Self-report instruments underestimate PI levels when compared with accelerometer data [32]. This underestimation can be adjusted using accelerometer-based equations [6, 33]. In 2012, Hallal et al. published global PI prevalences adjusted for accelerometer estimates [33]. In 2013, a similar adjustment equation derived from accelerometer data was developed for Mexican population to estimate PI prevalence [34]. Based on the Mexican adjusted prevalence, we performed a one-way sensitivity analysis to estimate the effect of the adjusted prevalence on the incidence and mortality of CVD and T2D. We used the same modeling procedure as described above, using accelerometer-adjusted PI prevalences. We compared the differences on health outcomes between unadjusted and adjusted PI prevalences. We used Monte Carlo simulations, written in Phython, to estimate the uncertainty of unadjusted and adjusted 7-year period projections and for the gradual linear decrease in PI from 2016 to 2025 and 2030 on the incidence and mortality of CVDs and T2D. In total, 1000 random draws from a standard normal distribution were generated for each health outcome. The SE for each health outcome were calculated using SPSS software version 25 (IBM SPSS statistics, IBM Corporation, Somers, NY).

Results

The prevalence of PI increased from 2006 to 2012 among all age groups (Table 2), with the highest prevalence in 55–64-year olds (14.4% for 2006 and 16.6% for 2012) and lowest prevalence in 35–44-year olds.

Table 2 Prevalence of physical inactivity among Mexican adults: Mexican National Health and Nutrition Survey (ENSANUT) 2006 and 2012

Over a 7-year period (from 2006 to 2012), the simulated estimates based on the unadjusted 2012 PI prevalence suggested that there were 27,100 ± 155.1 more cases of T2D, 10,300 ± 99.5 more cases of CHD, 2200 ± 19.2 more cases of stroke, 1500 ± 17.5 more cases of MI, 350 ± 4.1 more deaths from CHD and 400 ± 3.7 more deaths from stroke compared to simulation estimates based on the 2006 PI prevalence (base-case scenario). These additional cases represented relative increases of 1%, 0.8%, 0.8%, 0.5%, 0.2% and 0.6% respectively (Table 3). Sensitivity analyses using the self-reported PI prevalences adjusted using the accelerometer equations PI generated reductions in disease burden that were approximately 50% higher than what was projected using unadjusted self-reported PI prevalence (Table 3).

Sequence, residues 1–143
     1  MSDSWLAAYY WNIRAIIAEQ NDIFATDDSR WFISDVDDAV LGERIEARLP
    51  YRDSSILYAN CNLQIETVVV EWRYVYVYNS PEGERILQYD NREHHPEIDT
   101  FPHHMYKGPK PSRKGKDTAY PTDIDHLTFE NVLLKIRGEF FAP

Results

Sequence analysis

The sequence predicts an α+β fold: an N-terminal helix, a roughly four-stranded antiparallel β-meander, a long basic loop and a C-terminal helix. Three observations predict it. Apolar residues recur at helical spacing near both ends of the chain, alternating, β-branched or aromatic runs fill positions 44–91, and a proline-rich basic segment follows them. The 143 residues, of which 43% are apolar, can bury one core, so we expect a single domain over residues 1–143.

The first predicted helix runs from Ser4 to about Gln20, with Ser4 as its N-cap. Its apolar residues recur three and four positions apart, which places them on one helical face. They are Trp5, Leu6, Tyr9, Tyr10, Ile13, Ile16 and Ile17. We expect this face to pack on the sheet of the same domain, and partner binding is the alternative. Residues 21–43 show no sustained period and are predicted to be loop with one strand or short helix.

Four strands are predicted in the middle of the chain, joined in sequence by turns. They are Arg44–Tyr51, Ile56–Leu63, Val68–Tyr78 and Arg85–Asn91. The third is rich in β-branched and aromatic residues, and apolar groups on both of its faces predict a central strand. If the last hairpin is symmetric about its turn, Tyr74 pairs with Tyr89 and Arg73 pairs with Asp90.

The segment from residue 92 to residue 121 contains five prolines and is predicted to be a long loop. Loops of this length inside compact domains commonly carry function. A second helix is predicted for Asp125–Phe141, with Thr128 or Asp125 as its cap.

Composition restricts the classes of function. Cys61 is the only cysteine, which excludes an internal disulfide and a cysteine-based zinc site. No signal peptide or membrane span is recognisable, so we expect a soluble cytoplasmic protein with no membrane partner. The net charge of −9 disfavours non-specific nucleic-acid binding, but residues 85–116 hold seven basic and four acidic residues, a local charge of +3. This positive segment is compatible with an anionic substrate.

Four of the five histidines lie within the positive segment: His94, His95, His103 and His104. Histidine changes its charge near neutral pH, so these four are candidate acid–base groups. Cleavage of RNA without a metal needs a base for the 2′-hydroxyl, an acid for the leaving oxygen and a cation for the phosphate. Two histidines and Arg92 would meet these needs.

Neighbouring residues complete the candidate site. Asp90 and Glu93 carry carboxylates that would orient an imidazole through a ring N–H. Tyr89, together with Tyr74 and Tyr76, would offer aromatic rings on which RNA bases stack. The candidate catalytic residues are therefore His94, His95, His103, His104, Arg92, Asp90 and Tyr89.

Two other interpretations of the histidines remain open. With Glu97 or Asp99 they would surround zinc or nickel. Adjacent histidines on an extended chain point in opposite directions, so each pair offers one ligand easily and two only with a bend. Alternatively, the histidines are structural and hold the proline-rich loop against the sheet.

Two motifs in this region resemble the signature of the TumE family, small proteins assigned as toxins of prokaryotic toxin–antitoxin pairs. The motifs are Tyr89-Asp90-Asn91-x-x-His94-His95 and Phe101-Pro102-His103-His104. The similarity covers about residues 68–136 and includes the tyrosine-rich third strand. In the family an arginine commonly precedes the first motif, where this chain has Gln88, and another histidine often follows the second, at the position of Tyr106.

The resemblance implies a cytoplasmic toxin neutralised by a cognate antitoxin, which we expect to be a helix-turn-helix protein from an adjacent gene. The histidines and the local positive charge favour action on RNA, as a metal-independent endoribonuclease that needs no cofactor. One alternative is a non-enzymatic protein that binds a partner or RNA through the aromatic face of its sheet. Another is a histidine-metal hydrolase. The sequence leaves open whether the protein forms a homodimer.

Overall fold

Table 3 Projected accumulated number of cases based on a 7-year period among 35–64 years old Mexicans under different assumptions based on unadjusted and adjusted 2006 physical inactivity prevalence and 2012 physical inactivity prevalence

The modeled relative increase in events and deaths associated with the higher PI in 2012 compared to 2006 was highest among the youngest (35–44 years) age group and smallest among the oldest (55–64 years) age group (Fig. 1). The estimated increase in cases in the different age groups ranged from 2400 to 14,500 for T2D, 2100 to 4500 for CHD, 620 to 1000 for stroke, 200 to 600 for MI, 50 to 200 for CHD deaths, and 120 to 180 for stroke deaths.

Fig. 1
figure1

Estimated percentage increase in the number of CVD cases among Mexican adults, according age groups, that were attributable to the increase in the unadjusted prevalence of physical inactivity from 2006 to 2012

Simulations that were based on a hypothetical 10% relative decrease in the prevalence of PI from 2016 to 2025 compared to assuming no change in PI resulted in an accumulated decrease of 8400 (0.2%) cases of T2D, 4200 (0.2%) cases of CHD, 1000 (0.2%), cases of stroke, 700 cases of MI (0.1%), 200 deaths of CHD (0.1%) and 200 deaths of stroke (0.2%). Estimates suggested that a 15% reduction in PI from 2026 to 2030 would result in even larger decreases in the number of cases of these diseases (8800 for T2D, 5000 for CHD, 1200 for stroke, 1000 for total MI, 300 for CHD mortality and 200 for stroke mortality) (Fig. 2). Using accelerometer-adjusted prevalences, the hypothetical impact of a 15% reduction on PI from 2016 to 2030 was slightly higher for all health outcomes (19% T2D, 19% CHD, 18% stroke, 18% MI, 18% CHD mortality and 17% stroke mortality).

Fig. 2
figure2

Predicted incident cases of T2D, MI, non-fatal and fatal CHD and stroke among 35–64-year-old Mexican adults that would be prevented from 2016 to 2030 period if there was a 10% and 15% reduction in the prevalence of PI

Discussion

We projected that the increase in PI prevalence among 35–64-year-old Mexicans from 12.1% in 2006 to 15.9% in 2012 resulted in increases in the incidence and mortality of T2D and CVD (1%: T2D, 0.8%: CHD and stroke incidence, 0.5%: MI, 0.2%: CHD mortality, 0.6%: stroke mortality). By contrast, our estimates suggested that a hypothetical 10% relative decrease in PI prevalence from 2016 to 2025 would result in 0.2% fewer cases of T2D, CHD and stroke, 0.1% fewer cases of MI, 0.1% fewer deaths of CHD and 0.2% fewer deaths of stroke. It is likely that even more events and deaths would be prevented if the WHO target of a 15% relative reduction in PI by 2030 were achieved.